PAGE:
After spending more than 20 years working for one company, Ralph Wakley saw his salary cut by 35 percent Friday, and he says prospects for the future of his company, one of the best-known names in the world of news, are unsure.
Wakley, manager of the Salt Lake office of United Press International, is one of about 275 employees of the national wire news service.UPI, based in New York City, dates to 1907.
Employees of UPI who are members of the Wire Service Guild voted by a majority of 62 percent to take a 35 percent wage cut for 90 days. The pay slash affects UPI's editorial staff, photo technicians and some office personnel.
Wakley said UPI managers told employees the pay cut would keep the company viable while management attempts to sell all or part of it.Ballots on the proposed wage cut were mailed Nov. 6, returnable by Nov. 16. UPI wanted the pay cut to be retroactive to Nov. 4, but union officials refused to accept any wage cut until after the vote.
UPI reduced the salaries of all non-union employees by 35 percent for 90 days Nov. 4 and announced it had rescinded its policy granting severance and notice pay to these employees.
It immediately announced that it was asking guild members to accept the same pay cut. Severance and notice pay provisions would continue for WSG-covered employees.
Management said earlier this month that it would file for Chapter 7 bankruptcy and liquidate the company if the union did not submit the wage-cut proposal to UPI workers, or if employees rejected the pay cut.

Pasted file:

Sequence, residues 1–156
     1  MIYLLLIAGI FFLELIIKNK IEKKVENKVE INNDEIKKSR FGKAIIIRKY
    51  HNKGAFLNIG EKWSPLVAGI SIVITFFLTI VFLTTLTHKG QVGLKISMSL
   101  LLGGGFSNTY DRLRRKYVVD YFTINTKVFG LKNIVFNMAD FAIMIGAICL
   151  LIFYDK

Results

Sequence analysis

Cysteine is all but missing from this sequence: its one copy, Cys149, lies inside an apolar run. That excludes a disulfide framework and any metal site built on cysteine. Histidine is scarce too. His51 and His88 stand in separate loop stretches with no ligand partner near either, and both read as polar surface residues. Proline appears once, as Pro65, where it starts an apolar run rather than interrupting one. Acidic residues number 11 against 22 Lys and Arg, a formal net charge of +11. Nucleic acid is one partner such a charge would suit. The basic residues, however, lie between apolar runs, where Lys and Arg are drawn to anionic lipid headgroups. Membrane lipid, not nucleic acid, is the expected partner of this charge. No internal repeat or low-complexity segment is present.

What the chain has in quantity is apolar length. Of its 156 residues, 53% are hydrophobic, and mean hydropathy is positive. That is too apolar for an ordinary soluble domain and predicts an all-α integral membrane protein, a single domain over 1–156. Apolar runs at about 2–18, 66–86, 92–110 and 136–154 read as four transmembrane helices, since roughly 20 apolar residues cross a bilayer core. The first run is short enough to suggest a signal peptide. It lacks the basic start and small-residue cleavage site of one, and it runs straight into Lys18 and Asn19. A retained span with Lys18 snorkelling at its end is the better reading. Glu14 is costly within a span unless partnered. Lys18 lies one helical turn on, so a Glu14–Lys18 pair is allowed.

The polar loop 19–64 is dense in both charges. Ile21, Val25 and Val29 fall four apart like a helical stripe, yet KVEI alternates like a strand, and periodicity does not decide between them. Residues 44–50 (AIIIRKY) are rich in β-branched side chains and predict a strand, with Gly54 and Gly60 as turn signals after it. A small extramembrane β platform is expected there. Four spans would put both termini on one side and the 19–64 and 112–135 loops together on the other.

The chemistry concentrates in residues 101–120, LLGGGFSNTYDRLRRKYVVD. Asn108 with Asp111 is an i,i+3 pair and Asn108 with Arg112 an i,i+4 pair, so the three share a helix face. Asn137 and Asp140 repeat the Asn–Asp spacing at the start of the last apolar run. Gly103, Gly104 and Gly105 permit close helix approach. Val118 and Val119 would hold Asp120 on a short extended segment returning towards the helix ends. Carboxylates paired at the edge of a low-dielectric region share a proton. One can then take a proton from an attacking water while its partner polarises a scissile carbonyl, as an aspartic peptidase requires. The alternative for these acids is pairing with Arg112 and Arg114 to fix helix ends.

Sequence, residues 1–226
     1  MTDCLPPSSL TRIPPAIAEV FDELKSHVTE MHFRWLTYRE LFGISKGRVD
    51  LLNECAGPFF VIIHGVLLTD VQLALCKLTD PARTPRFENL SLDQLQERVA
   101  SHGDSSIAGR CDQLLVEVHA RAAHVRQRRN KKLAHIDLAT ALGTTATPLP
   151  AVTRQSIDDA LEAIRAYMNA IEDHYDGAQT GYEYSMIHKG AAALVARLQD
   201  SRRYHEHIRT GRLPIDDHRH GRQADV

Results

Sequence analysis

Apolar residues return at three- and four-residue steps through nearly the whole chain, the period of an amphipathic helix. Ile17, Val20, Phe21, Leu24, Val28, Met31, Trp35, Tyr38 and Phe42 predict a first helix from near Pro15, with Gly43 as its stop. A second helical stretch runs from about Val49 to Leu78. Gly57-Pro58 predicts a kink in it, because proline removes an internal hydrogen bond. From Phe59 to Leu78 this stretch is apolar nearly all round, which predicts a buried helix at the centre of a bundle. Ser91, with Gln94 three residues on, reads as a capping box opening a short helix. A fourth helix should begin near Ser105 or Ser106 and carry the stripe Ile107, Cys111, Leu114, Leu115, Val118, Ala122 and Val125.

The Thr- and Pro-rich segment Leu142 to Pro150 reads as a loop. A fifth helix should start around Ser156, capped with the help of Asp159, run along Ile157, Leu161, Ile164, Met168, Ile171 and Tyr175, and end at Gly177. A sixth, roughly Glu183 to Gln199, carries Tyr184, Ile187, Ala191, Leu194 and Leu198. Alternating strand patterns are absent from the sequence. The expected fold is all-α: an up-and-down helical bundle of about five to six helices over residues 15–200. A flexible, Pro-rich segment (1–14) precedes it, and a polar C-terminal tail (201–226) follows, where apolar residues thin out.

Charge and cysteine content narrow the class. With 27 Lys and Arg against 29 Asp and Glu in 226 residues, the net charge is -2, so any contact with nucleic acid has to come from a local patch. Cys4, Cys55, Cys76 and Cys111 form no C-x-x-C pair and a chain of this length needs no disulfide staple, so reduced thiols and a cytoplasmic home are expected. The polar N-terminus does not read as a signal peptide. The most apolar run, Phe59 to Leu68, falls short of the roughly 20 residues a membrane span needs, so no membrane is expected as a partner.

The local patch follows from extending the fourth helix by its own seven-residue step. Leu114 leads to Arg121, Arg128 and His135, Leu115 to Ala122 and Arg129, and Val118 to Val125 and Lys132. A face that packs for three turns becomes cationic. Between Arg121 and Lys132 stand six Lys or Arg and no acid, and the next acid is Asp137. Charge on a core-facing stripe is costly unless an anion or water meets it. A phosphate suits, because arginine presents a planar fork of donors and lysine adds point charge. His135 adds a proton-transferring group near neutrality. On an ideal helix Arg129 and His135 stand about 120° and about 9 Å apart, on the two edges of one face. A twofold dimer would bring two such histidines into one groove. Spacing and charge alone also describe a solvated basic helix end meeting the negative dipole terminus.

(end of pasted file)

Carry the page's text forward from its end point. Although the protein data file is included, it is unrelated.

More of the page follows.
The WSG executive committee agreed to the vote but recommended that union members vote against acceptance. The union is an affiliate of the AFL-CIO.
"The owners told us Nov. 3 they had six potential buyers for the wire service. Now I understand there are 12 potential buyers."
Wakley joined the company in 1970 and has worked in Salt Lake City most of the time since then. His office used to have bureaus in Boise; Helena, Mont.; and Spokane, Wash.
He said the Spokane bureau was closed the end of August and the Boise and Helena bureaus were shut down in September.
When Wakley joined UPI in Salt Lake, the office had 10 employees. That number was cut to seven in the mid-'70s and by 1976 was down to five. Two years ago, Wakley said, his office staff was cut to three full-time people and one part-time employee and by last August that number was down to two. On Oct. 26, the number was cut to one.
Wakley, the survivor, says UPI has been cut into five separate businesses, including UPI departments that cover sports, financial news, regular news and foreign news and UPI's photography staff. Any one of the five departments could be sold as a separate business.
"A new owner could buy UPI and get rid of one or more departments that he didn't want, or five owners could buy up the five parts of UPI," Wakley said.
The average pay for a UPI employee who has been on the job more than six years is $690 a week, Wak-ley said. That means the average UPI union member will now make $460 a week.